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story.lead_photo.caption Eddie Montgomery (left) and longtime friend Troy "T-Roy" Gentry make up the country music duo Montgomery Gentry. - Photo by Submitted photo

Eddie Montgomery is a bona fide country music star, but he doesn’t forget where he came from.

In fact, he still lives there, outside of Lexington, Kentucky. Montgomery and his longtime friend and bandmate Troy “T-Roy” Gentry got their start playing together at the Lexington bar that Gentry’s father owned. “I am the last holdout. Everybody else lives in Nashville, [Tennessee],” Montgomery says, referring to Gentry and younger brother John Michael Montgomery, who became the first country music standout in the family. “T-Roy lives in Nashville. He is better with the business end of things. Nashville is only three hours away. If they need me, I can come up there.”

Eddie, who just turned 52, learned how to be tough growing up poor with divorced musician parents. The blue-collar life served Eddie and Gentry well, as they have both encountered personal hardships throughout their journey to stardom.

Eddie was diagnosed with cancer in November 2010. Shortly after, his ex-wife, Tracy, filed for divorce. The two had been married for 20 years and had four children. “I am going to tell you if you don’t live life, nothing is going to happen. If you live life, you are going to have adversity,” Eddie says. “You have to live life and have as much fun as you can.”

Eddie, who married his second wife, Jennifer, in 2014, was again dealt another tragic blow Sept. 27 when his 19-year-old son, Hunter, died after an accident.

Music was an important part of the Montgomery family. The Montgomery boys grew up in area honky-tonks while their parents played in a band. Eddie joined his parents’ band, playing the drums at 13. “There was the joke that [Mom and Dad played], and the bartenders were the babysitters,” he says. While the family’s situation was less than ideal, Eddie says he has fond memories of childhood.

“I think we grew up so poor that one thing we always had was music and our friends,” he says. “At Christmas, we didn’t have a lot of toys, but we had music and a bunch of friends around. We lived life and learned that there are going to be ups and downs, but the main thing is to love life and have fun and embrace it. It is very short, so you need to live it.”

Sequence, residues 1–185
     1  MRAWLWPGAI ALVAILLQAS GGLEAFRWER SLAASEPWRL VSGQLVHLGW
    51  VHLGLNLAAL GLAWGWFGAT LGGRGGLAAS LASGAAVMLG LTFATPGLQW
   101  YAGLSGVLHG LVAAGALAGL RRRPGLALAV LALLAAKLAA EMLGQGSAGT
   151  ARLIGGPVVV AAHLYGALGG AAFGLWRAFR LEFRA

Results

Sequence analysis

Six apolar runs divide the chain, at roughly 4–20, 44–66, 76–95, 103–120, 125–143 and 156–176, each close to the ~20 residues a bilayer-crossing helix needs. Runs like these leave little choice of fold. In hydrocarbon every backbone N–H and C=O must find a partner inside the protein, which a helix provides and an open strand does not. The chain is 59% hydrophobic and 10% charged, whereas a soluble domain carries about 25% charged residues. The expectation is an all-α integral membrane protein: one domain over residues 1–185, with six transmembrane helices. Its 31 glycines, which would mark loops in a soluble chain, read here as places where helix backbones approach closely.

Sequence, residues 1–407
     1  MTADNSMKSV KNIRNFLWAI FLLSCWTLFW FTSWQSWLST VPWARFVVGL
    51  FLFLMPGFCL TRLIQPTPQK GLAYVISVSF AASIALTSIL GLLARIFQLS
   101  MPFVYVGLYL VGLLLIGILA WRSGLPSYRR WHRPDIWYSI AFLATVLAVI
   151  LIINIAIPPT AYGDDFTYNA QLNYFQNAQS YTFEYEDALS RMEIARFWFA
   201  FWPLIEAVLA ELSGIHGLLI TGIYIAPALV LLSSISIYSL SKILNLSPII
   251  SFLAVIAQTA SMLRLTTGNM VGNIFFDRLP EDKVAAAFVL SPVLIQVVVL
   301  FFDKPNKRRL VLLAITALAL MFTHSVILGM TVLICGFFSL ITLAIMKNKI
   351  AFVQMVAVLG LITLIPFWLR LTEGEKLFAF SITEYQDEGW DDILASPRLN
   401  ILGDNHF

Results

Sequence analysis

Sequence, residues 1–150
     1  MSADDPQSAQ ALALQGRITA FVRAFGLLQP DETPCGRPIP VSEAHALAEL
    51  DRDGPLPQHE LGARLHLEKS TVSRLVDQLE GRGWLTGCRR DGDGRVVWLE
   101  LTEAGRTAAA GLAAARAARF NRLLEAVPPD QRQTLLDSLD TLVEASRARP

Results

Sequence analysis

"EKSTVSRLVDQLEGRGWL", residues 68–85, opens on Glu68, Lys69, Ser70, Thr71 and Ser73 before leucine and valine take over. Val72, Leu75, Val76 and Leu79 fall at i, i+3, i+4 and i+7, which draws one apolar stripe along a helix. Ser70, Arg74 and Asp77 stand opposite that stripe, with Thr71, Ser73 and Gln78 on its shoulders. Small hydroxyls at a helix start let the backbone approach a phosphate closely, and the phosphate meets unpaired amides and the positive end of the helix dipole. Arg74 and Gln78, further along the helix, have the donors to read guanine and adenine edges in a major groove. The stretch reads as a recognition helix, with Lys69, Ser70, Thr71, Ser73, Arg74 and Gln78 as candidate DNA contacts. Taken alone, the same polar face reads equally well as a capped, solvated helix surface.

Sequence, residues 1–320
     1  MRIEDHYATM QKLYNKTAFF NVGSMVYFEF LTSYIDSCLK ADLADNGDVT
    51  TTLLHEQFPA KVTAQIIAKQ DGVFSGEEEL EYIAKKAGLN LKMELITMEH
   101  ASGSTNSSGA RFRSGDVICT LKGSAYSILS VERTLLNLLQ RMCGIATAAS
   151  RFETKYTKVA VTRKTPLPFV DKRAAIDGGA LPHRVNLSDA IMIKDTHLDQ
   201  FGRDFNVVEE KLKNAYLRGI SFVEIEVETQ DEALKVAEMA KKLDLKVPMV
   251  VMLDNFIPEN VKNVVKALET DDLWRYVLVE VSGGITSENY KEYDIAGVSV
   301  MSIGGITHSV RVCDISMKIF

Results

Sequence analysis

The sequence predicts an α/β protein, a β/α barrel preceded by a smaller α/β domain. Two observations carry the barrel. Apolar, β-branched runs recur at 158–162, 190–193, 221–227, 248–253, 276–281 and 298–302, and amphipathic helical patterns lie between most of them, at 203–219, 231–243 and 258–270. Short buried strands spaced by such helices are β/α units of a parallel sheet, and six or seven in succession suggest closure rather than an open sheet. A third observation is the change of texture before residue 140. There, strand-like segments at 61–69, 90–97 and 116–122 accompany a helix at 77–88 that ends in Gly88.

As they got older, Eddie and Gentry played music with John Michael as part of Early Tymz, the house band at Austin City Saloon in Lexington. When John Michael headed to Nashville in 1991, the friends continued to play and tour regionally. In 1994, Gentry won the Jim Beam National Talent Contest and tried to forge a solo career. He opened for acts such as Patty Loveless and Tracy Byrd. However, after Gentry failed to earn a record deal, the two friends reunited and formed Montgomery Gentry in 1999. John Michael convinced record execs to scout the duo, and in 1999, Montgomery Gentry had its first record deal.

The album Tattoos & Scars’ debut single, “Hillbilly Shoes,” entered the Billboard country charts two weeks before its scheduled release date. It hit No. 62 on the Billboard Hot 100. “Lonely and Gone” was the second single and peaked at No. 5 on the Hot Country Songs chart by the end of the year.

The instant success of the album won the duo Top New Vocal Duet or Group from the Academy of Country Music in 1999 and Favorite New Artist-Country at the 2000 American Music Awards.

After all those years playing honky-tonks in Kentucky, Montgomery Gentry had arrived. They followed up the debut with the successful 2000 album Carrying On and then released My Town with the successful single of the same name.

Montgomery Gentry have released six studio albums and have produced 20 chart singles. The group also produced five No. 1 hits on the Hot Country Songs chart: “Back When I Knew It All,” “If You Ever Stop Loving Me,” Lucky Man,” “Roll With Me” and “Something to be Proud Of.”

“We have been so lucky,” Eddie says. “We have some great songs, but I would say ‘My Town,’ ‘Lonely and Gone’ are sung back louder [from the audience]. The feeling gets through.”

Montgomery Gentry released their seventh album, Folks Like Us, in June, their first since 2012.

“I love it. It is still the way we feel about America, family and faith,” Gentry says. “[Producer] Michael Knox has given us a fresh sound, but we are singing about all of the things we have grown up singing about.”

Decades later, the friends are still playing music, recording albums and touring. Their latest tour stops Friday at the Arkansas State Fair as a headlining act for the two-week event.

“We are road dogs and grew up in the nightclubs. I have been off four days in the last 40,” Gentry says. “We love playing music and hanging out and having fun.”

A lot has changed since they started playing together with John Michael in that band, but the one thing that remains the same for the two: their close relationship.

“We have put our friendship before the whole thing. We have known each other longer than we have known our wives, Eddie says. “I reckon it is because of the stuff we have gone through together in the nightclubs and the things that have happened. We have always been there for each other, and things have always worked out.”

Montgomery Gentry play 8 p.m. Friday on the Wendy’s Main Stage.

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